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As winters draw to a close and horse owners are getting drowned in piles of hair as the 'winter woollies' fall out, many of us look forward to a time of easier equine management.
During this time period, however, it is important to give due consideration to how we should rug our horses and ponies during the changeable and somewhat unpredictable spring weather.
Spring, like autumn, can bring mixed weather, seeing cold nights and in some areas, frost followed by glorious days with clear blue skies. Or on a damper note, we often have those horrible, wet rainy spring days that are still quite warm. When you don’t have the luxury of living with your horse or pony 24/7, what do you do to ensure he is as comfortable as possible, in terms of when to rug up and when to put the horse rug away?
No horse owner can predict the weather accurately enough to get it right every day, so sometimes we must make the decision based whether the horse would be better being a little cold at night but cool and comfortable during the day, or better being cosy at night but a little hot during the day. Horses cope with the cold or the heat differently, so get to know your horse’s needs in terms of temperature, when contemplating spring rugging. There is no magic formula but analyse the type of horse you own i.e. a thin skinned Thoroughbred or a hardy Welsh pony, and assess the temperatures and wind chills you’re experiencing before working out which horse rug to use - one with a lining, a lightweight turnout rug or summer sheet with no lining, or no rug at all!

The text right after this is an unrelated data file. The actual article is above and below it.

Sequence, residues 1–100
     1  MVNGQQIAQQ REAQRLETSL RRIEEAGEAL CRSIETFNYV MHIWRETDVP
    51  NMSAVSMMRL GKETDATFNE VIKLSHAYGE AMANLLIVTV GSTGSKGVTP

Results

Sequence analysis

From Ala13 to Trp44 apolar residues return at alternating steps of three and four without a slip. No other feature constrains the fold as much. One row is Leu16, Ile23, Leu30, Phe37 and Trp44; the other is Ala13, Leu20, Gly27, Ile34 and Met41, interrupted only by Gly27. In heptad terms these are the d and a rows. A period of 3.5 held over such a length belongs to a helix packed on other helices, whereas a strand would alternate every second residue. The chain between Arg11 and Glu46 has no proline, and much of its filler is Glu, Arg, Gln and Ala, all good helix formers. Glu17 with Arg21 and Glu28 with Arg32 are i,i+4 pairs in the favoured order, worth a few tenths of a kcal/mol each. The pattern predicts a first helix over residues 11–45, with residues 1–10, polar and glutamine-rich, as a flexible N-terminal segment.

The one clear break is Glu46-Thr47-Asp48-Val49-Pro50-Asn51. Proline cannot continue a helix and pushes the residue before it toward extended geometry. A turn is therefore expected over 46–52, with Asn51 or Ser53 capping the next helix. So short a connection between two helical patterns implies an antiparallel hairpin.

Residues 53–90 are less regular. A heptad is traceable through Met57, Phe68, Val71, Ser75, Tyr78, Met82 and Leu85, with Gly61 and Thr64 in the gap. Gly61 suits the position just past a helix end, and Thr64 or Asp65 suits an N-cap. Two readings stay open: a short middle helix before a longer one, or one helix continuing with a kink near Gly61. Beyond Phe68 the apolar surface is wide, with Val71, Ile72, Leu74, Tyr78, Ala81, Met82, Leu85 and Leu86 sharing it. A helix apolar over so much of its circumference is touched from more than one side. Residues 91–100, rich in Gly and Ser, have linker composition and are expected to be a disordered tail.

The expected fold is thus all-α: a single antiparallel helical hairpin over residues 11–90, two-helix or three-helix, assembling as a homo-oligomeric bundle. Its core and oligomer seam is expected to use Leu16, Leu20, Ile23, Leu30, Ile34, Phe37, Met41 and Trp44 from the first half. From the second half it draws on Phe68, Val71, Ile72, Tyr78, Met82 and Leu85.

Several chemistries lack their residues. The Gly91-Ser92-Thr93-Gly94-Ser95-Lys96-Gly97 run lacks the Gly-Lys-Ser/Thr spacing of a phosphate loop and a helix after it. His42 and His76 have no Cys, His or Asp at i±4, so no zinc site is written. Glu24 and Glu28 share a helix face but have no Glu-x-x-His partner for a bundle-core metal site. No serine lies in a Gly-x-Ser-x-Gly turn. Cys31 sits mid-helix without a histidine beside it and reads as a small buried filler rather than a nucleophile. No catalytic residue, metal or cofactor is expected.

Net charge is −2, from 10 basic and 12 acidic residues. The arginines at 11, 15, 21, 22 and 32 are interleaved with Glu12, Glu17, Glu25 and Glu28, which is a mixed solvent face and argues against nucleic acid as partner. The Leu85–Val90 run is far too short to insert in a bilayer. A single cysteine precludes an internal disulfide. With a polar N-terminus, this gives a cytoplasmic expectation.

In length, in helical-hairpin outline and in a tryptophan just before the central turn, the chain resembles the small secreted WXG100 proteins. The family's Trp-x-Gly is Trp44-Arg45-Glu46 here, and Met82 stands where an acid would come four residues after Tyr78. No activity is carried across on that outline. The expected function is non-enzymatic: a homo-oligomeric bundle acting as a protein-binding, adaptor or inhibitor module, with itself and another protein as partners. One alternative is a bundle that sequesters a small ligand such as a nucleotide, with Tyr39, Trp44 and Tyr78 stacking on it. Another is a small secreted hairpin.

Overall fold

Remember that the most important way your horse regulates his temperature is by sweating, so when the days are warmer it is very important to ensure that the rug you have has the greatest breathability available. If your horse’s skin cannot breathe properly, you will risk him over-heating, dehydrating or developing skin problems.
A tenuous guide in terms of whether to rug is to see how you as the owner are feeling - are you happy in a lightweight raincoat or are you laden with jumpers and a hat? Could you also compare the current temperatures and weather conditions to autumn - would you be rugging in October, if the temperatures were comparable? It is best not to over rug.
Having made the comparison to human warmth, of course, we know that equines feel the cold completely differently to us. In general, if the temperature is between 5-25 degrees Celsius, the horse or pony can comfortably maintain their body temperature without feeling hot or cold.